February 2011 Edition

Tamper Resistant Receptacles

What are tamper-resistant electrical receptacles, and what are the new requirements?
The 2008 National Electrical Code (NEC) requires new and renovated dwellings to have tamper-resistant (TR) receptacles. These receptacles have spring-loaded shutters that close off the contact openings, or slots, of the receptacles.


When a plug is inserted into the receptacle, both springs are compressed, and the shutters then open, allowing for the metal prongs to make contact to create an electrical circuit. Because both springs must be compressed at the same time, the shutters do not open when a child attempts to insert an object into only one contact opening, and there is no contact with electricity. Tamper-resistant receptacles are an important next step to making the home a safer place for children.
Why require tamper-resistant electrical receptacles?
In 2006, approximately 1,800 children age 14 or under received treatment at a hospital emergency room for shock or burns resulting from an outlet or receptacle.
If homeowners do not have children, are TR receptacles required?
Yes. Owners or tenants of homes and apartments change frequently. In addition, exposure to electrical shock and burn accidents are not limited to a child’s own home. Children visit homes of relatives and friends who don’t have children of their own. This requirement ensures all new homes and apartments are safe for children, whether the home is their own or they are there on a temporary basis.
Do TR receptacles require greater insertion strength than standard receptacles?
TR receptacles require comparable force to other receptacles. The insertion force may vary depending on the newness of the device to the shape or style of the plug being inserted.
Are TR receptacles costly?
No. The cost of a TR receptacle adds about $0.50 to the cost of an unprotected receptacle. Based on current statistics, the average home has about 75 receptacles, resulting in an overall added cost of under $40. This amount may vary slightly based on the type and style of TR receptacle used. This minimal increase in cost buys a significant increase in electrical safety for children.
Shouldn’t people accept responsibility for their children and teach their children not to stick items in receptacles?
Accidents involving children and receptacles cannot be blamed entirely on parents. They involve people who look away for a moment, only to face undue tragedy and pain as the result of a child’s curiosity. The NEC’s mission is to provide electrical safety in the home. TR receptacles are a simple and easy way to protect children from serious injuries that continue to happen every year.
Why are TR receptacles preferred over products such as receptacles with caps or with sliding receptacle covers?
Receptacle caps may be lost and also may be a choking hazard for some ages. Children can learn to defeat sliding  receptacle covers when they watch their parents. TR receptacles provide security against the insertion of objects other than cord plugs into the energized parts.

Receptacle 2

What is the NEC?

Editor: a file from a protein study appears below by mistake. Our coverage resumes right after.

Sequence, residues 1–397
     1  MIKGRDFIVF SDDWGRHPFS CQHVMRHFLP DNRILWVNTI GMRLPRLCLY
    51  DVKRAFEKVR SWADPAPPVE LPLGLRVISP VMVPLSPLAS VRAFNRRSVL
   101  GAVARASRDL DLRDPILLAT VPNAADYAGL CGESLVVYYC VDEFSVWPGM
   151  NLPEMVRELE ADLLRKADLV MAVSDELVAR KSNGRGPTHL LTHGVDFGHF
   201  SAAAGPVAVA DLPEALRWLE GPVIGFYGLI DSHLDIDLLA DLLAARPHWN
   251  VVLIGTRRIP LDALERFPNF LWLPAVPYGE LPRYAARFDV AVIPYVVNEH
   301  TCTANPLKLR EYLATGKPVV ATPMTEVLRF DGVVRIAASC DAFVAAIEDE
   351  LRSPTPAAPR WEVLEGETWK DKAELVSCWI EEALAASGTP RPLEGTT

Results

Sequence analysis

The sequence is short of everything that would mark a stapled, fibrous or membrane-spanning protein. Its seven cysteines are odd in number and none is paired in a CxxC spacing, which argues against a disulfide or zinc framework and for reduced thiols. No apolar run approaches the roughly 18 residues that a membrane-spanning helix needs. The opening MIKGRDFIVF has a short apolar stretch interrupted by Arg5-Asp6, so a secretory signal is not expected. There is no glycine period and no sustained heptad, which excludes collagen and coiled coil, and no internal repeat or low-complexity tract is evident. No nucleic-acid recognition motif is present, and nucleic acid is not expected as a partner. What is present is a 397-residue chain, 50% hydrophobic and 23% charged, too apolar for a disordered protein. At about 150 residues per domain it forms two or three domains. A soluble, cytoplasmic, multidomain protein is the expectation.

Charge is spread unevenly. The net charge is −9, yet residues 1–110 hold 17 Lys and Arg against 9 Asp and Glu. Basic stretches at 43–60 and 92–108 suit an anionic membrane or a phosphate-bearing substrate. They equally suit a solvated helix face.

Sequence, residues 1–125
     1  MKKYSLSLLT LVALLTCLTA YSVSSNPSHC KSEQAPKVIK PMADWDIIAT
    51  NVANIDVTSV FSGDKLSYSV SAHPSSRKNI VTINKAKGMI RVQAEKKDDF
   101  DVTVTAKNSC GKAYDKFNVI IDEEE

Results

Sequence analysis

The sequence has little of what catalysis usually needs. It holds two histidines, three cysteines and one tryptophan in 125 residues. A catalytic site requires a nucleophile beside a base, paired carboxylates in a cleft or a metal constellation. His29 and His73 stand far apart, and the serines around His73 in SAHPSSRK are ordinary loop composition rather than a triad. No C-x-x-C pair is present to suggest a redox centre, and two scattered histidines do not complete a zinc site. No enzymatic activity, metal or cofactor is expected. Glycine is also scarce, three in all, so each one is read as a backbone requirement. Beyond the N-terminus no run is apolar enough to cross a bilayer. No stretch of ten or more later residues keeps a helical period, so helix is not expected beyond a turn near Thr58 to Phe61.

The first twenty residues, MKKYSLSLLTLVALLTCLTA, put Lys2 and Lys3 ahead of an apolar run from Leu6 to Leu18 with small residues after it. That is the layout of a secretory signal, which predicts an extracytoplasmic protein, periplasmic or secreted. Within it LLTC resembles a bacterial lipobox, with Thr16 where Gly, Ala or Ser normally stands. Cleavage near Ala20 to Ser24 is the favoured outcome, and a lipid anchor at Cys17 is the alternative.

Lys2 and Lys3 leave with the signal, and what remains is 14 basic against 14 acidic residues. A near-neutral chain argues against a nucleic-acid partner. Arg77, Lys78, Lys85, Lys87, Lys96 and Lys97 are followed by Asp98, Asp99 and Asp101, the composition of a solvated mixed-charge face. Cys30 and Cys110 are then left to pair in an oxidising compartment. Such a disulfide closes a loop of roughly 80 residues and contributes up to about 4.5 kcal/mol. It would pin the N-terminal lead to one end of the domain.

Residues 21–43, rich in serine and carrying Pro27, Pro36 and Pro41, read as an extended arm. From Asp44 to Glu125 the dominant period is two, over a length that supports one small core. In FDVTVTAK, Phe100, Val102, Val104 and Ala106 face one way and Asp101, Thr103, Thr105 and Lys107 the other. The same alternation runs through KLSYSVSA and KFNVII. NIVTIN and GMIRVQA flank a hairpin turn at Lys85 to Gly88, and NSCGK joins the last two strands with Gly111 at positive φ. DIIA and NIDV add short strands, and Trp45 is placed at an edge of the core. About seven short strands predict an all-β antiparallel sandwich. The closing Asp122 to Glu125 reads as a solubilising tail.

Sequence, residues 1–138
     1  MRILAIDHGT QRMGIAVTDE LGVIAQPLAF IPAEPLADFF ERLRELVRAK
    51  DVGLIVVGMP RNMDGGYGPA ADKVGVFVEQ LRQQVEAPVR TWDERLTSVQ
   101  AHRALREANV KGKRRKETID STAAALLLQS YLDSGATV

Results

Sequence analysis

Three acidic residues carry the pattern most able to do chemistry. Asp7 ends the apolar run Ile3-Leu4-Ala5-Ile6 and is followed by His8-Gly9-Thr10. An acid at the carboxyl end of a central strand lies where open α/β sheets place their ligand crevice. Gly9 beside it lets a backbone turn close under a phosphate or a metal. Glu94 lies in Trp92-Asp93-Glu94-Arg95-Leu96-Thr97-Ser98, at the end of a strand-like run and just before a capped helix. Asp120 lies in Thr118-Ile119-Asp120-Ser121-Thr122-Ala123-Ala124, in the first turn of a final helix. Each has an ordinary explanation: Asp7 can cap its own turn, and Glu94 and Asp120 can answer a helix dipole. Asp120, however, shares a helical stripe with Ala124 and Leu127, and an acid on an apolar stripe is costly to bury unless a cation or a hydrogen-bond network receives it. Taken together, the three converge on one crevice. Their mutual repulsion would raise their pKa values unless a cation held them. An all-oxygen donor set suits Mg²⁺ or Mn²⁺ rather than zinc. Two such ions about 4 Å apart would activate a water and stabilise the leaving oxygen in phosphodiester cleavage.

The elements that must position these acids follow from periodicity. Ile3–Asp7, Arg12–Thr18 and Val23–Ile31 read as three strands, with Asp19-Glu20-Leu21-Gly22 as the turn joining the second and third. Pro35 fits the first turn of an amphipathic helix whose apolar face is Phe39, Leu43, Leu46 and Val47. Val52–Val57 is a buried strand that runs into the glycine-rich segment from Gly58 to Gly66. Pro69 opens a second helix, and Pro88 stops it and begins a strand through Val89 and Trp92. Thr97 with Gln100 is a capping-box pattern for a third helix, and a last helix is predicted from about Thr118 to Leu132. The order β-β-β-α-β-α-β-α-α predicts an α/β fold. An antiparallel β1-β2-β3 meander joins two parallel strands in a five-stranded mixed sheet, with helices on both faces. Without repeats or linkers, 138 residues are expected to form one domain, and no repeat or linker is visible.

The NEC is the National Electrical Code. The NEC’s mission is to provide practical safeguards from the hazards that arise from using electricity. It is the most widely adopted safety codde in the united States and the world, and it is the benchmark for safe electrical installations.
 Source: National Fire Protection Association www.nfpa.org 

Choosing 4x4 Wood Post

 I have a 4x4 wood post on my deck that has warped. I heard that 8 foot pressure-treated 4x4s contain the pith. Longer 4x4s are less likely to warp, and are  more decay resistant. Is this just old carpenter's talk?
 Chalk one up for the crotchety old guys. Pressure-treated 8-ft. 4x4s are typically made from “peeler cores” which are the byproduct of plywood production. When a log is turned on a lathe to produce plywood veneer, the center that remains, called the peeler core, is used as a post. These cores often contain the pith, or center of the log, which doesn't accept pressure treatment as well. Peeler-core posts are more likely to warp and twist than posts cut farther away from a tree's center.


When shopping for 4x4 posts, look at the ends. If growth rings start near the center of the post and expand outward, it's almost certainly made from a peeler core (see photos). If the rings are off center, it's not the log's center. Buy 10 foot. posts instead of peeler-core 8-footers and trim them to fit.

Source: The Family Handyman, www.thefamilyhandyman.com


With Any Home Inspection By

Christian Building Inspectors, Inc.


If you have a question, change of address, comment or home tip, send your letter to Home Tips, Christian Building Inspectors, Inc., 3697 Habersham Lane, Duluth, Georgia 30096. You can E-Mail your questions to us at rodharrison@christianbuildinginspectors.com. We reserve the right to edit questions for length.


Quote Of The Month

"If a man is called to be a streetsweeper, he should sweep streets even as Michelangelo painted or Beethoven composed music or Shakespeare wrote poetry. He should sweep streets so well that all the host of Heaven and earth will pause to say, ‘Here lived a great streetsweeper who did his job well’.”

Martin Luther King, Jr.



A Tip Of The Hat To:

Jennifer & Shack Lewis

The Lewis Group, Inc.

1585 Holcomb Bridge Road

Roswell, Georgia 30076

**** Thank You**** 

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